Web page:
Robert Lanza (born 11 February 1956) is an American medical doctor and scientist. He is currently Head of Astellas Global Regenerative Medicine, and is Chief Scientific Officer of the Astellas Institute for Regenerative Medicine and Adjunct Professor at Wake Forest University School of Medicine.
- As science has penetrated the atom, we’ve discovered that solid matter consists mainly of empty space. We’ve discovered that inert objects, such as rocks, consist of particles whirling round each other trillions of times a second. Likewise, believers and nonbelievers in God may both be right, just traveling the same circle in opposite directions.
- Of course, there have been myriad conceptions of God since the dawn of civilization. There are the Abrahamic conceptions of God, including the monotheistic God of Judaism and the trinitarian God of Christians. In Buddhism, God is almost non-theist. In fact, conceptions of God vary so widely there’s no clear consensus on the definition of God. In short, believers believe God has an incorporeal (immaterial) existence, and that there’s an afterlife...According to biocentrism, a new “theory of everything,” the material and immaterial worlds are co-relative. Life and consciousness represents one side of the equation, matter and energy the other. They can’t be divorced; split them and the reality is gone. Although the current scientific paradigm is based on the belief that the world has an objective observer-independent existence, a long list of experiments shows the opposite.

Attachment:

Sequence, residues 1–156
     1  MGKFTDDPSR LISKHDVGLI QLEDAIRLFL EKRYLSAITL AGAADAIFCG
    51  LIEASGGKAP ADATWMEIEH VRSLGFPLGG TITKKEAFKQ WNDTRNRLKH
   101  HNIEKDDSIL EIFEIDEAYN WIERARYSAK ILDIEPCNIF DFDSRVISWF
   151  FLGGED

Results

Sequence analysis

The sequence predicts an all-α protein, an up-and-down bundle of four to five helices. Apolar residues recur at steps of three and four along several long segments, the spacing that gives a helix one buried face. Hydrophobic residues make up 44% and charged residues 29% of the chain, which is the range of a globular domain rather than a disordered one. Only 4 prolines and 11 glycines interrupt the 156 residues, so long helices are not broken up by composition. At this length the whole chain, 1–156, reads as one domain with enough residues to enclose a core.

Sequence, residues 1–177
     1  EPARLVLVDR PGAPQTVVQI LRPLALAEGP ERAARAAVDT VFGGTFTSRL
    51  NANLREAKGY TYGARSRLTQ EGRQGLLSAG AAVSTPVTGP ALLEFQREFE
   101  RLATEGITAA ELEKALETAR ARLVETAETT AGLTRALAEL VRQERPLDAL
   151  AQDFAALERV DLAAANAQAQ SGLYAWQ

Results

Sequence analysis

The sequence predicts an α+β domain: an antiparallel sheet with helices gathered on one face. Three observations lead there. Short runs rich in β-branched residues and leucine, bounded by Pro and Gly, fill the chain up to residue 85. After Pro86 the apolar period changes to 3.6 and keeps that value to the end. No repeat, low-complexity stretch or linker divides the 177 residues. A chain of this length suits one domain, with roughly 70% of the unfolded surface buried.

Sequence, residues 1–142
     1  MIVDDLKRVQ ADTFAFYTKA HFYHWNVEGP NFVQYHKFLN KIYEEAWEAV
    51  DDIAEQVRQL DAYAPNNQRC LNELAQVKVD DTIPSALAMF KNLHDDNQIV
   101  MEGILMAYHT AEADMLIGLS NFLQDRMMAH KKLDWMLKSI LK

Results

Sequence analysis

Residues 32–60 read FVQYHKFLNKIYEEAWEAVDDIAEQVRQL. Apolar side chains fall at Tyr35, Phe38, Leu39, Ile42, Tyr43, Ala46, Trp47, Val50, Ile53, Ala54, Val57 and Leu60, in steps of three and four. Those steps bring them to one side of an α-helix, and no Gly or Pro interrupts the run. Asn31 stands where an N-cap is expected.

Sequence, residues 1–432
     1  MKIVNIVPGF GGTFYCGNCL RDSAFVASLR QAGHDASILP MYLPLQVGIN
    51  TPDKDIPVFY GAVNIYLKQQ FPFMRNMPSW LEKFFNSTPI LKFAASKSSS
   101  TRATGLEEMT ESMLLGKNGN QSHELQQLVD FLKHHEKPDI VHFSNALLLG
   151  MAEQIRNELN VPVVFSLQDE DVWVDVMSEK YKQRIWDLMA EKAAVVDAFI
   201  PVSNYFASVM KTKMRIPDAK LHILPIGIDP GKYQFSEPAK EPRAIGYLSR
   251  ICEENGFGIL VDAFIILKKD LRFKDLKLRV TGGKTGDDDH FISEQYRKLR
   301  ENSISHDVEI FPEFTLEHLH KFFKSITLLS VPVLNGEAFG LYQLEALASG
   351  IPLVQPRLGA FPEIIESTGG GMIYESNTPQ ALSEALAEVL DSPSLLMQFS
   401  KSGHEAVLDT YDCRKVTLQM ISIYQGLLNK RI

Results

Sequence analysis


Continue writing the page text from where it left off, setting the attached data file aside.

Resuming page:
- Our science fails to recognize those special properties of life that make it fundamental to material reality. This view of the world—biocentrism—revolves around the way a subjective experience, which we call consciousness, relates to a physical process. It is a vast mystery and one that I have pursued my entire life. The conclusions I have drawn place biology above the other sciences in the attempt to solve one of nature’s biggest puzzles, the theory of everything that other disciplines have been pursuing for the last century. Such a theory would unite all known phenomena under one umbrella, furnishing science with an all-encompassing explanation of nature or reality.